Investing.com – European stock markets are seen opening higher Tuesday, helped by promises of continued Federal Reserve largesse ahead of the release of the latest growth data for the region.
European stock markets have struggled of late over worries that growing inflationary pressures could force the Federal Reserve to start tapering its ultra-easy monetary policies in the near future.
However, Dallas Federal Reserve President Robert Kaplan on Monday reiterated his view that he does not expect interest rates to rise until next year, while Federal Reserve Vice Chair Richard Clarida pointed to the disappointing jobs report as evidence the U.S. economy had not yet reached the threshold to warrant scaling back the central bank’s massive bond purchases.
These comments have helped to reassure the markets, and put the focus firmly on Wednesday’s release of the minutes from the Federal Reserve’s policy meeting last month, which could shed more light on the policymakers’ outlook on inflation.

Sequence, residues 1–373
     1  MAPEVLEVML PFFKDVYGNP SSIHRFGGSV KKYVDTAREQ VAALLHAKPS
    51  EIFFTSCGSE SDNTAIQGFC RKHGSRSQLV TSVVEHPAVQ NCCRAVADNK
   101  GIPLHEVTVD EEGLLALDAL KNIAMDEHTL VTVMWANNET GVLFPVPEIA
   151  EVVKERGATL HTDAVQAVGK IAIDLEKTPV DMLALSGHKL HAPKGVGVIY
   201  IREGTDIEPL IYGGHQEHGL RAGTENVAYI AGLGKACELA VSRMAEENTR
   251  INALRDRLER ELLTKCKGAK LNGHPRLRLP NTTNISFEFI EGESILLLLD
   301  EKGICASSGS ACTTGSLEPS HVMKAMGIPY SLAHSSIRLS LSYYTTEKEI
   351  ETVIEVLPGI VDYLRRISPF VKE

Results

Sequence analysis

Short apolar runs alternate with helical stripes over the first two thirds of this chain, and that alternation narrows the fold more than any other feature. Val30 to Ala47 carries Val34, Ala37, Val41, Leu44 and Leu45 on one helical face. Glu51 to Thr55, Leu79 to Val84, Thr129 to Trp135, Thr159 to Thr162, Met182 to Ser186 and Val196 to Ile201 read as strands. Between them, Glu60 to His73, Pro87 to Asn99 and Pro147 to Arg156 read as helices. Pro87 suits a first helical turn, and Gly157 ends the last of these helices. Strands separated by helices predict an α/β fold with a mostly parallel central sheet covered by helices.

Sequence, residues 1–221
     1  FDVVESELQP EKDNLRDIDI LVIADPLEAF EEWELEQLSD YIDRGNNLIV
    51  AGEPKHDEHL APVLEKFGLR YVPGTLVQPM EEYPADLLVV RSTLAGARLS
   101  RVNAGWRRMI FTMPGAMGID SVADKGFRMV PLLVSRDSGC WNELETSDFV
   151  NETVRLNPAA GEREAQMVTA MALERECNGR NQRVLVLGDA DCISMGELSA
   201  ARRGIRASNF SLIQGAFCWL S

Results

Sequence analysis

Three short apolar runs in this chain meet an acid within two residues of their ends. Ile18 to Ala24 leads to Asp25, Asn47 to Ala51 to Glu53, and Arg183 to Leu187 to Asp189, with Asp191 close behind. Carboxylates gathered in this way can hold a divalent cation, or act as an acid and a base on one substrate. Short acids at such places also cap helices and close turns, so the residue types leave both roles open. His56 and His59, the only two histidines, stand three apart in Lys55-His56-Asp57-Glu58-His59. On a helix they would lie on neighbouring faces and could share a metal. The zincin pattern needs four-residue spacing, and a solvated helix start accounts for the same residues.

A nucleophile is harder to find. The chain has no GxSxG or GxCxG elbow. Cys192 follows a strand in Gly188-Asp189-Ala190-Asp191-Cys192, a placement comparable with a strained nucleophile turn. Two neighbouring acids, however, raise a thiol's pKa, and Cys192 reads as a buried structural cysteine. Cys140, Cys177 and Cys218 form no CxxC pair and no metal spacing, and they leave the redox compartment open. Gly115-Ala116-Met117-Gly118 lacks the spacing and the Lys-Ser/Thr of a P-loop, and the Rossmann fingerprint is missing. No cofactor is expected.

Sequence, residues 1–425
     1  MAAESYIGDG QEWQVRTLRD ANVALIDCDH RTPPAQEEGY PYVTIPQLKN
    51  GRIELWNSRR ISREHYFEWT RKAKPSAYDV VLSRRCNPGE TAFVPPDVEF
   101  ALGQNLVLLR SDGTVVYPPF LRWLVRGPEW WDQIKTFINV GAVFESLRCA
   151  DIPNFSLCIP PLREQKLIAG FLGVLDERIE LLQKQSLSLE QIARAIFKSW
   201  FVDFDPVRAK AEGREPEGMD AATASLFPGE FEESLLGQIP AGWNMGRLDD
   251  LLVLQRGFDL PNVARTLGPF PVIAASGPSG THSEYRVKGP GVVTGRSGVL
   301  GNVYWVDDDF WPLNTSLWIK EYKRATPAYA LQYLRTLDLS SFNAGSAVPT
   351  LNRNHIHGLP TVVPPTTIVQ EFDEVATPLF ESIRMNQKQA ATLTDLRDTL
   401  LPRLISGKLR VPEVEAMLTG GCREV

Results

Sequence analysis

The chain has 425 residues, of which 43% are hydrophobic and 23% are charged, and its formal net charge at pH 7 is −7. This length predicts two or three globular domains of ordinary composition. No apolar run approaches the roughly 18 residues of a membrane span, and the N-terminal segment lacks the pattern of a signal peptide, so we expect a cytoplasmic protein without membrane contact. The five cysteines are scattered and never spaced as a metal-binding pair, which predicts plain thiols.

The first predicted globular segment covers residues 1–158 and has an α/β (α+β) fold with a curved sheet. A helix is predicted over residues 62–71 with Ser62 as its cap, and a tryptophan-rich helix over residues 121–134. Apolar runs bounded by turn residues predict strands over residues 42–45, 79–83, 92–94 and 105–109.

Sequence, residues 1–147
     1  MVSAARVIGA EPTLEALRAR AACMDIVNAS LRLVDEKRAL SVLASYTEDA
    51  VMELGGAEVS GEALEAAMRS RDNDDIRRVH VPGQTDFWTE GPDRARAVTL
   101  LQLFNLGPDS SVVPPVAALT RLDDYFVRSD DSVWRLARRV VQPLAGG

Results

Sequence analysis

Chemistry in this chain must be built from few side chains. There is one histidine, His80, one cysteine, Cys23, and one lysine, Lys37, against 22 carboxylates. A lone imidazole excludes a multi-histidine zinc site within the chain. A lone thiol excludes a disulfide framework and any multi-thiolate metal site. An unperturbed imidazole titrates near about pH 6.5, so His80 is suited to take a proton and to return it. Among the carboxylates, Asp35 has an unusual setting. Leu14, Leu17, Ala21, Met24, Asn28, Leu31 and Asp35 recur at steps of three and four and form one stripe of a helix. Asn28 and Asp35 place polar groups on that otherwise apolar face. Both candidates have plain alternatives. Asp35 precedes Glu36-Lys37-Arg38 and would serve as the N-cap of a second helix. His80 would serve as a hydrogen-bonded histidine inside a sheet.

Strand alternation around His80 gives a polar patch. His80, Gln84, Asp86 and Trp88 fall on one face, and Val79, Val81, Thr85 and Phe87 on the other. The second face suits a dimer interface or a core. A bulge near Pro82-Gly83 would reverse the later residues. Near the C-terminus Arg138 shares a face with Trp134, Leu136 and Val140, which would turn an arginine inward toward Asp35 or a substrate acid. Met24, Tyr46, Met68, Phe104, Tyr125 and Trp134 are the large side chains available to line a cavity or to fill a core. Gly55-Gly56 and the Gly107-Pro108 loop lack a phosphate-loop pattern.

In Europe, attention will now turn to the release of the flash estimate of Eurozone first-quarter gross domestic product, which is expected to show that the bloc contracted by 0.6% in the first quarter, compared with the final quarter of last year, and by 1.8% on an annual basis, as the region coped with fresh lockdowns.
Earlier Tuesday data showed that Japan’s GDP contracted a more-than-expected 5.1% year-on-year and 1.3% quarter-on-quarter during the first quarter of 2021, as the Asian country struggled to contain a fresh outbreak of the Covid-19 virus.
In corporate news, Italian insurer Generali (MI:GASI) will be in focus after its first-quarter profits beat expectations, helped by the positive contribution from the non-life and asset management businesses.
Oil prices pushed higher Tuesday, continuing the optimism of the previous session as the major oil-consuming economies of the U.S. and Europe further reopen on the back of successful vaccination programs.
U.S. airports recorded 1.85 million passengers on Sunday, the highest number since the beginning of the Covid-19 pandemic in early March 2020. In Europe, the U.K. further relaxed restrictions and both Portugal and the Netherlands have opened up travel.
That said, worries still exist about the Covid-19 situation in India, the third largest consumer of oil in the world, as well as new outbreaks in other parts of Asia, including Taiwan and Singapore.
U.S. crude futures traded 0.3% higher at $66.45 a barrel, while the Brent contract rose 0.3% to $69.66.